Book Camp Life

Book Camp 2016, Day 5

We began the day with an exploration walk during which we looked for accidental art. The idea comes from “How to Be an Explorer of the World” by Keri Smith. This book is fantastic! And also to blame for the many bits of rubble to be found in my office. For this walk, we shared a camera to document accidental art. The slide show:

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We also took a survey today in which we answered five questions from our own perspectives and from our protagonists’ perspectives.

After refreshments, we plotted a few primary details to get our prinicple writing started.

We followed with another water day, as we call it ’round here. Then Husband made us French toast – the best on earth – and eggs to order. And we’re rounding out our day with Zootopia, because it’s fun and because we can use it to discuss character development a la the extras and this.

So despite the raging headache that keeps me from making this post more awesome, I’ll sleep sweetly tonight as I dream about our writing day tomorrow. May you tell stories!

Book Camp Life

Book Camp 2016, Day 4

“Is anyone ready to come in and shower?”

“NOOOOO!” Their five voices far surpassed mine.

The poor dears have had precious little screen time this week, aside from about a movie a day. But games! Texts! Videos! Whatever shall we do?!

They worked a long afternoon on plot structure using the five-act model. We dug into what constitutes exposition, rising action, climax, falling action, and denouement (their new favorite word – so cosmopolitan!). We also discussed the corollary with the three-act structure, using the inciting incident or catalyst as the end of the first act and the final suspense as the end of the second act. It looked like this:

We used the gorgeously illustrated Harry Potter and the Sorcerer’s Stone (much thanks, Jo Rowling and Jim Kay!) to break down the story into these two structures. We read portions of it, though we have all read the book in the past. We discussed and defined when we think the book breaks up the acts.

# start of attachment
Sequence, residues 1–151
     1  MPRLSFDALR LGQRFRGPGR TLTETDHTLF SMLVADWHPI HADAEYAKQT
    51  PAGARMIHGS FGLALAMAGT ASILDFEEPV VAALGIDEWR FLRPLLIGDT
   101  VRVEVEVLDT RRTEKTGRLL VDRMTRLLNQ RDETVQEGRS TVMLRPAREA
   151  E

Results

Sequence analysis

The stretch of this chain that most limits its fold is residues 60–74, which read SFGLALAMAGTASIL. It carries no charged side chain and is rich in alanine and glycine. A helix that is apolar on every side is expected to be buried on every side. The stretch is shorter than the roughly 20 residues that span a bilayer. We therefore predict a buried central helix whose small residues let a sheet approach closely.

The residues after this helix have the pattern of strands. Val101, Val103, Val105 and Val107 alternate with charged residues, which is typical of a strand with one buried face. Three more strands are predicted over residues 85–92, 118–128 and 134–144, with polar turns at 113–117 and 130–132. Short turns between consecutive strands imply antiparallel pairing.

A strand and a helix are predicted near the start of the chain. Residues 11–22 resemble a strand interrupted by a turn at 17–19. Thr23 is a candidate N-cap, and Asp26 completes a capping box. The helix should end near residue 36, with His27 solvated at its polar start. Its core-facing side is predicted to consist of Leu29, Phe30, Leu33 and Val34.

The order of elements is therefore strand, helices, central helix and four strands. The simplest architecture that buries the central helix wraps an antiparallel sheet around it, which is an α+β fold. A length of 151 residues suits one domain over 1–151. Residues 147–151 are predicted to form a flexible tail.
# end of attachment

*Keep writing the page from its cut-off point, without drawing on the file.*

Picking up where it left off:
We also discussed that the graph will look different for different books, because the stages aren’t fixed but variable. We looked at the downsides to deciding things like, “I’ll write four chapters then the inciting incident then fourteen chapters for the rising action.” We prepared to loosely determine a few points on the graphs for each of our own stories before diving into writing, knowing that the graph will morph and that’s a good thing.

When we finished, the clock read 5:35. I proffered a deal: I’ll cut a watermelon and they go outside to play in the water, then I’ll make dinner and they can come in to shower and have dinner and screens until bedtime. Fastest deal ever! I barely got them smeared with sunscreen before they were out the door. I took them their watermelon and a vitamin B6 tablet each (to ward off mosquitos).

When I went out just before seven, I asked the question at the top of this post. The giggled as only 8-, 9-, and 11-year-olds can and shooed me away with some verbal force. In the calming light of an early summer evening, they forgot all about their screens in favor of a water hose and brothers/sisters/cousins.

Some moments have been thorny, as only 8-, 9-, and 11-year-olds can be. But I’ve got the best job ever. You see, many long years from now, they won’t remember who took the best pencil or who shot who with the water gun first. Nope. They’ll gild this experience in their memories and it will morph into something greater, smoother, cleaner, and brighter than reality. That’s storytelling magic and mom/aunt gold.

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